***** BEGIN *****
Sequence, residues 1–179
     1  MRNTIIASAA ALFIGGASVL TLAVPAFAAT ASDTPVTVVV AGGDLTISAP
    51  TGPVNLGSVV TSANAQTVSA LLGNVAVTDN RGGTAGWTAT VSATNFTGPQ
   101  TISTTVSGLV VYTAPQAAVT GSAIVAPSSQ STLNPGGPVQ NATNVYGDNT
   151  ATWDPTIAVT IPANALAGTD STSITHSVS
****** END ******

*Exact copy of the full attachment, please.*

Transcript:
Sequence, residues 1–179
     1  MRNTIIASAA ALFIGGASVL TLAVPAFAAT ASDTPVTVVV AGGDLTISAP
    51  TGPVNLGSVV TSANAQTVSA LLGNVAVTDN RGGTAGWTAT VSATNFTGPQ
   101  TISTTVSGLV VYTAPQAAVT GSAIVAPSSQ STLNPGGPVQ NATNVYGDNT
   151  ATWDPTIAVT IPANALAGTD STSITHSVS